That’s how I’m attempting to beef up my SMI. Any suggestions on or criticisms of my diet plan welcome. I do realise that it’s not all about when and how often you diet. Content is king. Anyone know of any exercises to improve my SMIQ?

Note: This blog was first published in Egopendium.

Here’s a question to which I’d love to know the answer.

Now that you won’t find a UK ad for cigarettes in the press, on tv, at the cinema or by the roadside, have the tobacco companies started pouring money into tv drama production? Or is it just that the progs I like are all set in the heyday of the ciggie?

I can’t seem to tune in without getting smoke blown in my face at sometime during the evening. OK, I don’t get brand names stuffed down my throat and the cancerous effect on my lungs is less than negligible, yet I can’t escape the implication that I’d be a more interesting character if I got into the habit of burning dried leaves in my mouth.

Personally, I’m not vulnerable to any sort of advertising or marketing suggestion, subliminal or overt. I do realise that I’m in a minority of one in that respect. It’s the rest of you susceptible lot that I’m worried about. Because there does seem to be an unnecessarily thick tobacco haze around some of the major tv offerings.

Frank shamelessly sets the tone

I’m a relatively heavy tv inhaler. About three to four programmes most nights, mainly drama brand. Call me over-protective, but I’ve got into the habit of rating my favourite series on their likely ciggie content in case someone more vulnerable turns up to watch one of them with me and I have to give them a health warning.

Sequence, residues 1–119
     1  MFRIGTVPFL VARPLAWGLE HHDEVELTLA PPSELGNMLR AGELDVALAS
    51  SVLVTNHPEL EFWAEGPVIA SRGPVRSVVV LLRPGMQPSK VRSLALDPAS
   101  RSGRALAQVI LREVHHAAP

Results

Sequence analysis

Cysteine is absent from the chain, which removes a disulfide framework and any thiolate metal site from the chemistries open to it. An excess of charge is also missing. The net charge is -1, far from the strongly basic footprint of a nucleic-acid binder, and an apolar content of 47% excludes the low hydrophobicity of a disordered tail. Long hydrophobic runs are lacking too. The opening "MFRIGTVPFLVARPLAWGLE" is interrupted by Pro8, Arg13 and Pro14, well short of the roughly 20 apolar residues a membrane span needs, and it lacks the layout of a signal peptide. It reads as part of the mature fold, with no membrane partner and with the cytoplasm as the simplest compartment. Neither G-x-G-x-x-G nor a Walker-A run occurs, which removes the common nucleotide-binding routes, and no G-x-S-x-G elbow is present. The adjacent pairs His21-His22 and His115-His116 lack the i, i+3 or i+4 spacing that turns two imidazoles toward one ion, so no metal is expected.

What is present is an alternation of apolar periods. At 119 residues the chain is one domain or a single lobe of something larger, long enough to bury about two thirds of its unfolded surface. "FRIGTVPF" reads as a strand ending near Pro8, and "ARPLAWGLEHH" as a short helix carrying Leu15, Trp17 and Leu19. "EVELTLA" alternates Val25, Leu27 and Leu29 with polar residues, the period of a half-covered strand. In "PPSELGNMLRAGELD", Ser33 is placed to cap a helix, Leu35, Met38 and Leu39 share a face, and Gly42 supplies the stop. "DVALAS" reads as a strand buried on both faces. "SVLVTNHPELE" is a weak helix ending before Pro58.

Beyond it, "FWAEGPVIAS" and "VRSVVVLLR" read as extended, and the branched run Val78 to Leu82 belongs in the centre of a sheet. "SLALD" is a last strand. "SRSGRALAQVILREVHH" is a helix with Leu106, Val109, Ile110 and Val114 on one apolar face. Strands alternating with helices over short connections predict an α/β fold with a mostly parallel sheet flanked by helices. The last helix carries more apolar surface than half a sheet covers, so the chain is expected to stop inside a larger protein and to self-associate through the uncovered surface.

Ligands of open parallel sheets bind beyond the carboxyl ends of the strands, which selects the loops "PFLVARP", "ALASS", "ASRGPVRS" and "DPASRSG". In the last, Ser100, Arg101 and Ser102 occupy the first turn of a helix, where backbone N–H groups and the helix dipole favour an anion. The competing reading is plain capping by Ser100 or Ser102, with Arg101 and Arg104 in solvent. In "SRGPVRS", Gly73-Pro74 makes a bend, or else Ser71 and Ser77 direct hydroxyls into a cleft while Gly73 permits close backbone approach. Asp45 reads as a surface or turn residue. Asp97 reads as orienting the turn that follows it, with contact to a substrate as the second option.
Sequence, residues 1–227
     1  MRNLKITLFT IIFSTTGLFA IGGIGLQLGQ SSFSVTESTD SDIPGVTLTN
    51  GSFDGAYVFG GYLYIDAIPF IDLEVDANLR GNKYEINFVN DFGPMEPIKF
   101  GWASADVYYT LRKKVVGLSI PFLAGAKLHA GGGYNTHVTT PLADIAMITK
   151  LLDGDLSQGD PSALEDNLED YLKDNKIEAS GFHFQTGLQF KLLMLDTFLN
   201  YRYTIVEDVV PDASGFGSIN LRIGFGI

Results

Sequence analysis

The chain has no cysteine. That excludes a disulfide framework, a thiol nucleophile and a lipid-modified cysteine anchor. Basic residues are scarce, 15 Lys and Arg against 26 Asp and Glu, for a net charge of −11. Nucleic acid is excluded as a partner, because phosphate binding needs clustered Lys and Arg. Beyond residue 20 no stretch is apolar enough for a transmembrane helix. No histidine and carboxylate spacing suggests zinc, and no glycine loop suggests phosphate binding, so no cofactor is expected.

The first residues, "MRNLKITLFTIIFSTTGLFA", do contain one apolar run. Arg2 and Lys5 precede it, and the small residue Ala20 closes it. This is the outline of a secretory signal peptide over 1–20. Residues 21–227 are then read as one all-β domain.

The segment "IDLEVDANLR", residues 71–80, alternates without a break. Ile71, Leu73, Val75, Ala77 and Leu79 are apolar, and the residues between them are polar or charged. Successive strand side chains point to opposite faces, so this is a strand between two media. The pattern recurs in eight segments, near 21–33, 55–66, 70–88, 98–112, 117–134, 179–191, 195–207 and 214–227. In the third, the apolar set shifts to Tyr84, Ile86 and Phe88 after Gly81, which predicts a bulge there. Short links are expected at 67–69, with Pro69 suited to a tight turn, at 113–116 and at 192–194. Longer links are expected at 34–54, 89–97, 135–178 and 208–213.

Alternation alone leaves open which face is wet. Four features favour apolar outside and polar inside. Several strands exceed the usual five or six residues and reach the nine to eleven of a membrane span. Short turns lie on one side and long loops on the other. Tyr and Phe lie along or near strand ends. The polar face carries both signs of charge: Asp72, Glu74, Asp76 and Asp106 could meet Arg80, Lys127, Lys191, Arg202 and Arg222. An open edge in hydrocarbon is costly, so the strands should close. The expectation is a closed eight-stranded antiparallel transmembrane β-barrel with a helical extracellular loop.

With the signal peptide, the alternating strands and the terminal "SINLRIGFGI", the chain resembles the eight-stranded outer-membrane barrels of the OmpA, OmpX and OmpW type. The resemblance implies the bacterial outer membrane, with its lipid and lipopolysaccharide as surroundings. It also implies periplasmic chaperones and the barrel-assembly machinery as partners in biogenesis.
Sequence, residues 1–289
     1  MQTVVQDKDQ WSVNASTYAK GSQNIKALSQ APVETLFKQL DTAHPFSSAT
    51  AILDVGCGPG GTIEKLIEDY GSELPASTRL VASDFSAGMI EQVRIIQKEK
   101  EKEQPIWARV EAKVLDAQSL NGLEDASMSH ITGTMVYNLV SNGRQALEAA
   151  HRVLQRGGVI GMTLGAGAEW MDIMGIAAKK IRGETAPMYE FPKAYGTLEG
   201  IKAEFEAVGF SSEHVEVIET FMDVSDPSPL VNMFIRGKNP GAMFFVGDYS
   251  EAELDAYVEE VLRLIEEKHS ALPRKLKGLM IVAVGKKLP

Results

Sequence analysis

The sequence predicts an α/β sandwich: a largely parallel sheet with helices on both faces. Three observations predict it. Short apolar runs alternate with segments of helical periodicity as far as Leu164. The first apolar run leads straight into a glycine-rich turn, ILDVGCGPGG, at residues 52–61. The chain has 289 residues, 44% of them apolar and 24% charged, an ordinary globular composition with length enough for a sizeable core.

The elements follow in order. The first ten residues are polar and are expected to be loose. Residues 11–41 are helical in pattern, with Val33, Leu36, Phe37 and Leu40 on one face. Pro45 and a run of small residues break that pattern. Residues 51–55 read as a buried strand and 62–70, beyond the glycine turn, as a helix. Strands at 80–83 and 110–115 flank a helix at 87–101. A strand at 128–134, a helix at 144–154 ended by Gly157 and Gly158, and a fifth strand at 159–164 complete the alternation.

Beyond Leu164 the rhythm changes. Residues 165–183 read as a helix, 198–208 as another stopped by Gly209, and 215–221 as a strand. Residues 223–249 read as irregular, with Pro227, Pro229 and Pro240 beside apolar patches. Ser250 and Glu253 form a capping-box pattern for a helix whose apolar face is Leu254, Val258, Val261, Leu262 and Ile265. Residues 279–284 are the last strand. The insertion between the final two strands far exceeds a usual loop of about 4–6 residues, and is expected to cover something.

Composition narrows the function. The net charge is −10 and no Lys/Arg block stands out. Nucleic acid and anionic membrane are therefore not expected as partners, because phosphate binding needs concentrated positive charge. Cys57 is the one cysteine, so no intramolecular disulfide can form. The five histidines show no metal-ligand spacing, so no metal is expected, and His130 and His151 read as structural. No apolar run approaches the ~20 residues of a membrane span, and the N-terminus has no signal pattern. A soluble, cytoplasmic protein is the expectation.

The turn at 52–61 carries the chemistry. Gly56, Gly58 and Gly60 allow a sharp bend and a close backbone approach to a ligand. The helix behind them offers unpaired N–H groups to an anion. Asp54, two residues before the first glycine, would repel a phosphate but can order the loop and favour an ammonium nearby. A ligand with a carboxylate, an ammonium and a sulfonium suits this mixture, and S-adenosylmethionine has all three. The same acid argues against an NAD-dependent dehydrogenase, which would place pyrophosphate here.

This would be especially necessary if my companions were lapsed smokers. According to the Journal of Neuroscience simply watching movie and tv stars take a drag is enough to spark a pattern of activity in smokers’ brains which mirrors the act of lighting up. This response to seeing smoking on screen is thought to make cravings more intense for those who are trying to quit a habit that kills 5 million people worldwide each year.

While ‘The Borgias’ and ‘Game of Thrones’ tempt me into all sorts of undesirable practices, they are refreshingly free of smoke rings. Any programme set pre-nineteenth century tends to fall in that category, though I suspect that ‘The Tudors’ could have made more play with Walter’s weed than they did. In contrast, a number of the more modern shows revel in creating a smoky atmosphere.